As the tussle between fuel cell vehicles and bigger, simpler battery-electric cars plays itself out over the coming years, kerb weight may well prove to be one of the hydrogen car’s trump cards. Compared with the all-new, all-electric SUVs from the likes of Jaguar, Audi and Mercedes, the Nexo is light: 1852kg as tested, rather than the 2.3 tonnes that those all-electric opponents weigh.
It’s a shame, then, that the Nexo so clearly isn’t tuned for a bit more dynamism or agility, because there would appear to be no reason that it couldn’t be. The car’s handling does little to inspire or excite but equally little to offend. To drive, it feels, almost to the last detail, like the undemanding, ever-filtering, ever-secure, equally blameless and charmless luxury car of the future. But while competent and drivable, it’s also predictably anodyne and about as sterile and short on character as you might expect of a car that has been designed to leave absolutely no trace of its presence behind it.
The car steers through a smallish wheel and an averagely paced rack that feels light at the rim but does at least remain faithful and consistent in its loading during harder cornering. Handling is obedient and wieldy enough when negotiating junctions, roundabouts and tighter bends and doesn’t play any dynamic tricks to conceal its size or bulk when cornering more quickly – but nor does it really need to. Body roll is present but far from punishing. Grip levels are high enough to make for a secure hold on the road and assured motorway stability.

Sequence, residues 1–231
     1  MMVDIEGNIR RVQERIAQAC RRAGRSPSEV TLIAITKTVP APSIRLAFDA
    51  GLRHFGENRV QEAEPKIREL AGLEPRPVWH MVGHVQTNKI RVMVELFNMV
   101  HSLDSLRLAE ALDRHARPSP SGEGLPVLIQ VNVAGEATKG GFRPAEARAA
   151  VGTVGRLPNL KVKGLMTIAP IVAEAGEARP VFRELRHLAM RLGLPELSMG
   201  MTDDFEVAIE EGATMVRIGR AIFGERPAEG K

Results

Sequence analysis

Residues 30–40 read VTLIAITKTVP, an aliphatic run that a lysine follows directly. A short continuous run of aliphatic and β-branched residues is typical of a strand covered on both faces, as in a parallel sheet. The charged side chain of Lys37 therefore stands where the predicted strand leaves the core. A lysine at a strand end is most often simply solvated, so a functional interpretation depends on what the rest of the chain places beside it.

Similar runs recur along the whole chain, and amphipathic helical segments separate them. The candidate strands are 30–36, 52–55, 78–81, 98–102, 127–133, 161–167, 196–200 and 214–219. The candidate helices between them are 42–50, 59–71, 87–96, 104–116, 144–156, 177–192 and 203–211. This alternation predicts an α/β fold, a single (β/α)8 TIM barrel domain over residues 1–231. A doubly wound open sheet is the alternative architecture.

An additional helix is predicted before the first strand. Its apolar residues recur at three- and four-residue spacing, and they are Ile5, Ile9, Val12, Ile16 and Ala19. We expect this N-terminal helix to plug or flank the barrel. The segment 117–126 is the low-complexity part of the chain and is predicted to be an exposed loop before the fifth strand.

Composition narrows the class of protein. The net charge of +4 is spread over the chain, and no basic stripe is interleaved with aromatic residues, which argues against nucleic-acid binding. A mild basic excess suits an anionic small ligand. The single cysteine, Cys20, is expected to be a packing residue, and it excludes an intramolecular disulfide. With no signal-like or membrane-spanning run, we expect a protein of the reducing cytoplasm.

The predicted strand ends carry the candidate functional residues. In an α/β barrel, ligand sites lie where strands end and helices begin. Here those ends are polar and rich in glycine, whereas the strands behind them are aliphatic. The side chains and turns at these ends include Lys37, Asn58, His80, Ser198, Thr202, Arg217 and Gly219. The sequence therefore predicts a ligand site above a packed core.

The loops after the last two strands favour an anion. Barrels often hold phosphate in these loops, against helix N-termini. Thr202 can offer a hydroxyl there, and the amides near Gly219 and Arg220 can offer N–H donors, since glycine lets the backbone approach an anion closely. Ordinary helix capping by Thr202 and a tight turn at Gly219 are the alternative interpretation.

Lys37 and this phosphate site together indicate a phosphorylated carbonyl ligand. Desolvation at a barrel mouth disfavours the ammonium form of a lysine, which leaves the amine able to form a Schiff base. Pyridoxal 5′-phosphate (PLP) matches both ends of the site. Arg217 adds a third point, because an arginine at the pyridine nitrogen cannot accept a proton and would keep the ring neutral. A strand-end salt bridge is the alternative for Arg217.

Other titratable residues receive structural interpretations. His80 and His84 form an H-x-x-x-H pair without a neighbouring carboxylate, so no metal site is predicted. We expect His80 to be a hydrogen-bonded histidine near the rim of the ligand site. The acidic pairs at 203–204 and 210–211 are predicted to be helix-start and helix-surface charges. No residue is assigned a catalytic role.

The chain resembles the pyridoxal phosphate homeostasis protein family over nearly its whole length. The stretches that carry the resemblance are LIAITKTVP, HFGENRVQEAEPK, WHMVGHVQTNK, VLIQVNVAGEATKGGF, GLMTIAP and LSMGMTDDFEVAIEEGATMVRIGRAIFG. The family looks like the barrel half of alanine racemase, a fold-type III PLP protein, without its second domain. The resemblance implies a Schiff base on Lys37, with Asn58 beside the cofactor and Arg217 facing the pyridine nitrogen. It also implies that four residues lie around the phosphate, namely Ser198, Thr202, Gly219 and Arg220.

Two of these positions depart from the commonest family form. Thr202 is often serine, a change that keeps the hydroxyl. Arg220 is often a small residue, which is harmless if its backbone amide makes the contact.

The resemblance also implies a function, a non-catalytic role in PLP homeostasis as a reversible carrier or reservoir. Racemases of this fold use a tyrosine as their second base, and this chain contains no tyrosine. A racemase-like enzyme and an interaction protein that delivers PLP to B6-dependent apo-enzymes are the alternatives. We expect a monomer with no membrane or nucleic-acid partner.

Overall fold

By and large, the Nexo handles like it might be the most normal, upmarket mid-sized SUV you’ve ever driven, although you might have to remind yourself that you’ve actually driven it. Which, under the circumstances and after the decidedly less normal-feeling Mirai and Clarity FCV, is well worth a nod of approval from us.
Despite its raised ride height, the Nexo coped slightly better with the Millbrook Hill Route than the last hydrogen fuel cell car we road tested, the softer and more boat-like Honda Clarity FCV. You wouldn’t say it revealed previously undetectable depths of grip and handling composure, but it tolerated higher cornering speeds and a more aggressive driving style than you may expect of an eco-conscious option.
The car can be hustled into an apex fairly keenly, and although it rolls a bit en route, it doesn’t do so to the detriment of stability or steering precision. Mid-corner grip is assured enough to allow you to accelerate through that apex and well before taking all of the lateral load out of the front tyres.